The guys of Hammock always put out great albums and this one is no different. Framed as a sort of spiritual sequel to last years “Departure Songs”, this set of ambient songs continues the meditation on transition, endings and what comes after. They are still my go-to band for clearing my head and unwinding in peace.
6. Reflektor | Arcade Fire
Okay, much has been written about Arcade Fire’s fourth album already. With a few listens under my belt now, I can safely say it’s my least favorite AF record. It definitely has its moments of brilliance, it just isn’t as consistent as their previous work. The production wizardry of James Murphy (LCD Soundsystem) is evident and it’s good. Still just feels like the band wanted to make a fussy, noisy record exploring lots of identity issues and went all in on the concept. Maybe this is what happens when you get more famous than you really wanted to be: you decide to “rebel” a little bit for a season. The title track is outstanding though.
5. Love | Cloud Cult
Probably my favorite local Minneapolis act is still chugging along. Cloud Cult’s 9th (!) album finds the band still mining the sound they do so well. The electronic jams and big crashers are paired with gentler acoustic numbers to create a nifty mosaic. I love both sides of the Cloud Cult coin, but the rockers on this album are definitely higher on my list. Just listen to “1x1x1” and try not to tap your toes.
4.The Bones of What You Believe | Chvrches
Every year there are a few artists that are new to me that really grab my attention. Scottish synth-pop outfit Chvrches was one of those bands this year. They play gorgeous electronic music fronted by the bright, clear vocals of Lauren Mayberry. Their song “Recover” was the one I heard first and was immediately hooked by they beat and the lyrics. They followed their spring EP with a fall record that further solidified their ability to craft a good electronic song.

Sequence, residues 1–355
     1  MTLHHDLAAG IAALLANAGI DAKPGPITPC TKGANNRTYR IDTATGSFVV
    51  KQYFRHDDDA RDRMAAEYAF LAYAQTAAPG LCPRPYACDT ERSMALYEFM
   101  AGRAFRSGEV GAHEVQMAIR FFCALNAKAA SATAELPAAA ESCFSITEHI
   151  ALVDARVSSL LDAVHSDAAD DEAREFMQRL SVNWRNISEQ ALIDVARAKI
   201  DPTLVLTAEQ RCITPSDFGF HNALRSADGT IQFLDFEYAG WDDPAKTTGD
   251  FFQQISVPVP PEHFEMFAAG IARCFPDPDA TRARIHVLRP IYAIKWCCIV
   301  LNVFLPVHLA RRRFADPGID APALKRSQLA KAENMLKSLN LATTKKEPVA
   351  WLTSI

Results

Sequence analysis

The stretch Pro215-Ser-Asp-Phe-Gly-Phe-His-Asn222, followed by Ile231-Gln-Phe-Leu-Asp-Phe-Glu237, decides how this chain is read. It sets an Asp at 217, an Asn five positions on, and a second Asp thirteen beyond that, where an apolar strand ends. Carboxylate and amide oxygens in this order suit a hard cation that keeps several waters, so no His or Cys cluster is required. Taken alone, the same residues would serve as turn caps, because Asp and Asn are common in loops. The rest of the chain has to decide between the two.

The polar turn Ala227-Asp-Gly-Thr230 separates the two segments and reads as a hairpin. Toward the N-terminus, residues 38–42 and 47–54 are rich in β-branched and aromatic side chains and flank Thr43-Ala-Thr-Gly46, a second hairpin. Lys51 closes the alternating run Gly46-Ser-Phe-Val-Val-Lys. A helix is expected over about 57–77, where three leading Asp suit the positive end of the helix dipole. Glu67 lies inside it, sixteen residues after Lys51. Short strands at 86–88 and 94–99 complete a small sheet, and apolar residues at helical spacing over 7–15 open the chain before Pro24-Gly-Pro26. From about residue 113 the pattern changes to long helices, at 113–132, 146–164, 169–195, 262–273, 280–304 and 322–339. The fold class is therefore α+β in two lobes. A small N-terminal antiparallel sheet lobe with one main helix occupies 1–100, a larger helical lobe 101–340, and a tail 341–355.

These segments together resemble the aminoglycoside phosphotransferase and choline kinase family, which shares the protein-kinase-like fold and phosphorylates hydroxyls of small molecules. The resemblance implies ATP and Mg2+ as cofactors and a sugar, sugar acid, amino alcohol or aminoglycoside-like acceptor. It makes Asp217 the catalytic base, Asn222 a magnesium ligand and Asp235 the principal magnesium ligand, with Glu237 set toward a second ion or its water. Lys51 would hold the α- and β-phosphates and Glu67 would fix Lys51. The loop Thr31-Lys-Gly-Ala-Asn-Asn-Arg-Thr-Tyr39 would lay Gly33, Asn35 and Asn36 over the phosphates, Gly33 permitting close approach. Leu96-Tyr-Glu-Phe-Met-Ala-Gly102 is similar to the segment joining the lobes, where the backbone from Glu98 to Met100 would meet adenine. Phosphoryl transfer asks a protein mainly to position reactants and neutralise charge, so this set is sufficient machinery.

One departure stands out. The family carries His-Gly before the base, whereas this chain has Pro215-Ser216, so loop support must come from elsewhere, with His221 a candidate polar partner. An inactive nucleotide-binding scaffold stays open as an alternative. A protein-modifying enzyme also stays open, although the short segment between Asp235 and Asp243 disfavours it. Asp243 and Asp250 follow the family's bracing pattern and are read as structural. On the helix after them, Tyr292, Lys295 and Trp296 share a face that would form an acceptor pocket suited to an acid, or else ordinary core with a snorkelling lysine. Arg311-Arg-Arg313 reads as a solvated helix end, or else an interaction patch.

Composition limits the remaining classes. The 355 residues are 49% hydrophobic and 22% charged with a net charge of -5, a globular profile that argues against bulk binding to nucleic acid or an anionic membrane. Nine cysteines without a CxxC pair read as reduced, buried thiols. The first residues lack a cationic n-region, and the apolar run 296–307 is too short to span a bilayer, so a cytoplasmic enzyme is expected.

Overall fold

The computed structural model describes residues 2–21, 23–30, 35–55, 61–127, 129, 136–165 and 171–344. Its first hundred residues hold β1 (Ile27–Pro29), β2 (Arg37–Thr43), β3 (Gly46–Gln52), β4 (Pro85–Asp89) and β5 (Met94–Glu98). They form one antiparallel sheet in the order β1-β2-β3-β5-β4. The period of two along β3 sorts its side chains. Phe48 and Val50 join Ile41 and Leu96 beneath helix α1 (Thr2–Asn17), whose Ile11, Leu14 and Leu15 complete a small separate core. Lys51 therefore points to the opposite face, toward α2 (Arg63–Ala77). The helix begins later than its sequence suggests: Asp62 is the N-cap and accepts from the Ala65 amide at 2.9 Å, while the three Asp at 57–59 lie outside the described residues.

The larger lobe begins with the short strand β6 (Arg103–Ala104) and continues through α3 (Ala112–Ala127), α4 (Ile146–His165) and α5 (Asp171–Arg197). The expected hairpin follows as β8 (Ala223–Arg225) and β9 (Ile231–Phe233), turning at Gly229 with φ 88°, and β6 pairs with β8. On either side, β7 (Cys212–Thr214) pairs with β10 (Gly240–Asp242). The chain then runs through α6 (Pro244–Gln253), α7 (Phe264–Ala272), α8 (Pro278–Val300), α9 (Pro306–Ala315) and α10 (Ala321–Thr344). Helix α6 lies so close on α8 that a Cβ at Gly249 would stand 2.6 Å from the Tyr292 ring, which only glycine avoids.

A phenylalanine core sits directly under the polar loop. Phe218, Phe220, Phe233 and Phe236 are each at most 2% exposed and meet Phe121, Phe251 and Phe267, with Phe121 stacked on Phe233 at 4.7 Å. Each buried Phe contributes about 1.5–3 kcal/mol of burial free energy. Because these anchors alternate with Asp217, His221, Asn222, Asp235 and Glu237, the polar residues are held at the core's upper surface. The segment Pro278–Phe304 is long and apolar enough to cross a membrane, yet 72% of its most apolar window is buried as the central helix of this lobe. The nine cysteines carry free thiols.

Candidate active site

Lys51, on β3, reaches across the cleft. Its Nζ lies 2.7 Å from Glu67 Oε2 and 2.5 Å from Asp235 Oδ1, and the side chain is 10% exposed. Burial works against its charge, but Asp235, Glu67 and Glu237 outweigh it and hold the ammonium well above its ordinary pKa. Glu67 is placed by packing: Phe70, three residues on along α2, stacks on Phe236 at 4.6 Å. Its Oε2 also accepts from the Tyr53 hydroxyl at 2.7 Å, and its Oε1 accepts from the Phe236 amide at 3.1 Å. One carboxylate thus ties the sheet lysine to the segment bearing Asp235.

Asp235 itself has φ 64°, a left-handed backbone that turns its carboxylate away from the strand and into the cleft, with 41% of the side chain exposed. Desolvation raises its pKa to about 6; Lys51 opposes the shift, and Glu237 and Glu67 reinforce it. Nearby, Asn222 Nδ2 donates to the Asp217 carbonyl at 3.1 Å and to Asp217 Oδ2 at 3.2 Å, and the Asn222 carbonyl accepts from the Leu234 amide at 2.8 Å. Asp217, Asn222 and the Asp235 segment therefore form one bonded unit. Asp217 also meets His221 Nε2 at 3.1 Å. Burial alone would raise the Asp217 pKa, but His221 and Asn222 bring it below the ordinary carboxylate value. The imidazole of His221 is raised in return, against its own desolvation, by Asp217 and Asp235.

3. Muchacho | Phosphorescent
This was another surprise album to me. I’ve heard some Phosphorescent tunes here and there over the years, but when I heard “Song for Zula” I knew I’d love this record. And I did. The folk meets psychedelic pop sounds are perfect for the plaintive verses of Matthew Houck. Front to back, this album is keen.
2. Kveikur | Sigur Ros
In 2012, Sigur Ros put out Valtari, a most quiet affair that showed the band at perhaps their most insular. Following that release, it was announced that the band was now only a 3-piece as Kjartan has bowed out to spend less time touring. From there, things moved quickly. The band announced Kveikur would release in June and it proved to be a brand new Sigur Ros. The remaining 3 band members took this time of transition to take their sound in some brand new directions. Heavier directions. The result is a pounding album that quickens the pulse in a way that the band hasn’t done since the closing tracks of ( ). It’s a welcome shot of adrenaline for a band who was in danger of becoming too predictable.
1. The Water and the Blood | Dustin Kensrue